The British Election: An Existential Threat to Peace and the Union of the UK?
Whilst the outcome of the 2019 General Election may be the first step towards uniting a bitterly divided British public over Brexit – it could also mark the first step towards the break-up of the United Kingdom.
After more than three years of Brexit turmoil, the British public overcame the bitter winter weather and marched to the voting booths in their millions for the first December election since 1923.
The 2019 UK General Election – framed by many as the ‘Brexit election’ – resulted in the people of Britain strongly uniting behind Boris Johnson and his “Get Brexit Done” message. Mr. Johnson returned to Downing Street as Britain’s new prime minister with a much higher than expected, 80-seat majority.
Following the prime minister’s return, the FTSE 100 rose by nearly 1 percent and Sterling made gains of 2 percent against the US Dollar.
A jubilant and determined Boris Johnson, stood on the steps of 10 Downing Street – thanked voters for their support – and vowed to “get Brexit done on time by the January 31.”
There are however, notable concerns regarding the ability of the prime minister to deliver on his central promise of getting-Brexit-done, as well as more worrying concerns over the future of the United Kingdom.
So, what does the outcome of the so-called Brexit election mean in terms of Brexit, and why are some sounding the alarm over the future of the UK?
The future of Brexit
The returning prime minister who now has an overwhelming majority, and accordingly a mandate to lead the United Kingdom on the path of his choosing, but first – he must deliver on his central campaign promise.
But what exactly does ‘Get Brexit Done’ actually mean in reality?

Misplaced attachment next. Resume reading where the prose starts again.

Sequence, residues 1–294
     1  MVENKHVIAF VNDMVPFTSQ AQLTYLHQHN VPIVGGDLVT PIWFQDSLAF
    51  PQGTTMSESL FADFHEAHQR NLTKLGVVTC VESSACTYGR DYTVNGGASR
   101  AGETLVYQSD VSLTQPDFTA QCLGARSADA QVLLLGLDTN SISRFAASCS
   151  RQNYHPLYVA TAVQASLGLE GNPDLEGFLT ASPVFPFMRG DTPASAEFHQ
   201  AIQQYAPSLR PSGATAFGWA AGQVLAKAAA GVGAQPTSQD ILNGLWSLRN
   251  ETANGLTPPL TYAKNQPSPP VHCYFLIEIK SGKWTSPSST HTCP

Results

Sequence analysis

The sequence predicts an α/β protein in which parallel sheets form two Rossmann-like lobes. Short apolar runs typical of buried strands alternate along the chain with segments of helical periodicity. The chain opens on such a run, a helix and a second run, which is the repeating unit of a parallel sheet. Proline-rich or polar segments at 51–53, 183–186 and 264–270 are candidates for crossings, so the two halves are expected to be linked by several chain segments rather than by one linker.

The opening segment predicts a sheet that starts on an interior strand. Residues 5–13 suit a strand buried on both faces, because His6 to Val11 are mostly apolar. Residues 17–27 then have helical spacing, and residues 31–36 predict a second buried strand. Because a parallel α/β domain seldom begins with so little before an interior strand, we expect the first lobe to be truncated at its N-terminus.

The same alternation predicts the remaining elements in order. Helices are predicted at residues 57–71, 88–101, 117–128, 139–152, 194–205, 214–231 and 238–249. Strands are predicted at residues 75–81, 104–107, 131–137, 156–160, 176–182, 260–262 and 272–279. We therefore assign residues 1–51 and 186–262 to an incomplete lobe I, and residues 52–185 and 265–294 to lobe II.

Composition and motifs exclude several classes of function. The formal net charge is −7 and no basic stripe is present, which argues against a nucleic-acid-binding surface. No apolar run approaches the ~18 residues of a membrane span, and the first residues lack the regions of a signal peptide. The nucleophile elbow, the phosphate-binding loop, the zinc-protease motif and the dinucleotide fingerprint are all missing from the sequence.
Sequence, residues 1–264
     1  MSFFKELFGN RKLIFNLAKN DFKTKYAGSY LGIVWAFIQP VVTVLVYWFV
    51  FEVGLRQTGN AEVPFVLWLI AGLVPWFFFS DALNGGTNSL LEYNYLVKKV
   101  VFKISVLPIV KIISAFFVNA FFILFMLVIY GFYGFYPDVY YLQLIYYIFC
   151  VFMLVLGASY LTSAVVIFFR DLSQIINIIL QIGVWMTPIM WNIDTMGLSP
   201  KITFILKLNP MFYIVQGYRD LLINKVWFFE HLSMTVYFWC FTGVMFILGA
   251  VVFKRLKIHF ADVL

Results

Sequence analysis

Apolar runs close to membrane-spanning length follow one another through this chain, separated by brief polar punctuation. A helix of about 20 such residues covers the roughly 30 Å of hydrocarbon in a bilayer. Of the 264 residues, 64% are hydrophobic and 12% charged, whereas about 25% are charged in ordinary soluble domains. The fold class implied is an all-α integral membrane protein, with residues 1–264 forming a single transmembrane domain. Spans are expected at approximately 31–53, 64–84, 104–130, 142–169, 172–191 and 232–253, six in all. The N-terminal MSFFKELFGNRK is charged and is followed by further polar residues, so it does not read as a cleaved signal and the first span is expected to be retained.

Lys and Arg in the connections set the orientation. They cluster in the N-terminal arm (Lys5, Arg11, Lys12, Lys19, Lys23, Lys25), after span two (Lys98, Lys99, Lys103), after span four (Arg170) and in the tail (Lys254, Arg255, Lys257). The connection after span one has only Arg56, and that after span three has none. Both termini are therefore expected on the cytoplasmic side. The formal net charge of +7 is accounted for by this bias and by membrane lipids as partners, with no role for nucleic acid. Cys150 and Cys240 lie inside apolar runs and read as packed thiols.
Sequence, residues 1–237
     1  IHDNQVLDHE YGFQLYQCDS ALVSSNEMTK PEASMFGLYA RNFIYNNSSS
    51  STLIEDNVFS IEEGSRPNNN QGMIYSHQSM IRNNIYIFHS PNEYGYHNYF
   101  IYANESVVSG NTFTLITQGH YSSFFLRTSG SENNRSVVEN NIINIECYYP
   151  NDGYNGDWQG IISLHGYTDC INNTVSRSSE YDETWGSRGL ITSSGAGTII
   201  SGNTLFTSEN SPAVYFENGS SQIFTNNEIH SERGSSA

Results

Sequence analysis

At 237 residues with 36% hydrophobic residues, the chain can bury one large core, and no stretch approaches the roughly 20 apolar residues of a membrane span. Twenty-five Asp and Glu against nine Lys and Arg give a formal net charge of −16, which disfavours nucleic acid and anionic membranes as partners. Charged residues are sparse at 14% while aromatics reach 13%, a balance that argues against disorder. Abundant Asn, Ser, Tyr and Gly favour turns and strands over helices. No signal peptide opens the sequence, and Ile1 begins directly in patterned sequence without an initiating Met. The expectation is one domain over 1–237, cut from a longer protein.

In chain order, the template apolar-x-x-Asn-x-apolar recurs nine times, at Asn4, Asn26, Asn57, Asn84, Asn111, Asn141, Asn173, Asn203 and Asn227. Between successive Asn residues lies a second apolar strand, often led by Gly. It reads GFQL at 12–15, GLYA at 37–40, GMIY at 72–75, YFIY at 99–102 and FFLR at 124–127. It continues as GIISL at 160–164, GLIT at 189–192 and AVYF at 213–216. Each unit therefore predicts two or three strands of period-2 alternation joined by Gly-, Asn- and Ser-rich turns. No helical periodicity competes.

First, the intention is that parliament will pass the EU Withdrawal Agreement by January 31 in order to begin the legal process of UK leaving the EU. Next, the UK will negotiate and secure a comprehensive trade deal with the EU, which Boris Johnson aims to have complete by June 30. And finally, with a new trade agreement established, it is hoped the deal will then be ratified by the end of 2020 in order to allow the new trading agreement to begin in January 2021.
Given that the prime minister enjoys a healthy majority, he will likely face little-to-no challenge from parliament in passing his EU Withdrawal Agreement by the specified deadline. The ultimate challenge will be in negotiating an all-encompassing trade deal of unprecedented proportions with the 27-nation-bloc within just a matter of months.
The BBC notes that “No trade deal of this size and complexity has ever been agreed by the EU and an external country anywhere near as quickly as the timeframe planned here.”
Indeed, Canada’s Comprehensive Economic and Trade Agreement (CETA) – which is much smaller and less complex than the UK’s desired deal – took a total of seven years to negotiate. It is notable also that the Canada-Europe Trade Agreement did not have further areas of complication – which the UK has – such as future security and law enforcement arrangements.
It appears then that the phantom of Brexit which has haunted British politics, discourse and society for over three years, may prove more difficult to exorcise than the prime minister cares to publicly admit.
Nationalist voices threaten the future of the UK
Aside from the very real difficulty posed by the UK uncoupling itself from the bloc it has been inexorably entwined with for over 40 years, the result of the Brexit-election also raises significant questions over the very future of the United Kingdom.